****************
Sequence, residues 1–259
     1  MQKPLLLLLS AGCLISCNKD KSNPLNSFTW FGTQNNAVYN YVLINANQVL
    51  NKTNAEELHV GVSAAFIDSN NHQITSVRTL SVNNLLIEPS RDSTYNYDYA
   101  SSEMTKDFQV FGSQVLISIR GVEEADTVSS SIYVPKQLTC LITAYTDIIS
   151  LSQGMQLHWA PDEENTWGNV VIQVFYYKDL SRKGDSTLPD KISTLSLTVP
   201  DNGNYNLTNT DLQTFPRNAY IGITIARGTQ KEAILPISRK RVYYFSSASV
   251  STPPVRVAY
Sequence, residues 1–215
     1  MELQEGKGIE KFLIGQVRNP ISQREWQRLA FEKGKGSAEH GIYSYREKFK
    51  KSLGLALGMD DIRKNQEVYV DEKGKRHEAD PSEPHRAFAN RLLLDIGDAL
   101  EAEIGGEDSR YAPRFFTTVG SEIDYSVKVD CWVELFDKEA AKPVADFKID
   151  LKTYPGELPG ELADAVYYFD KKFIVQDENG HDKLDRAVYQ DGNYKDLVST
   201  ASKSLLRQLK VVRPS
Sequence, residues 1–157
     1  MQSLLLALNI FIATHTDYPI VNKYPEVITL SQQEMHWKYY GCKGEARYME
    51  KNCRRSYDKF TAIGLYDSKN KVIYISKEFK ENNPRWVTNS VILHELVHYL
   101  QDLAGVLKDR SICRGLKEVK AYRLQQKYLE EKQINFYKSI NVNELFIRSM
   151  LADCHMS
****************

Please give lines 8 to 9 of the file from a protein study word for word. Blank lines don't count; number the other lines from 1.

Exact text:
Sequence, residues 1–215
     1  MELQEGKGIE KFLIGQVRNP ISQREWQRLA FEKGKGSAEH GIYSYREKFK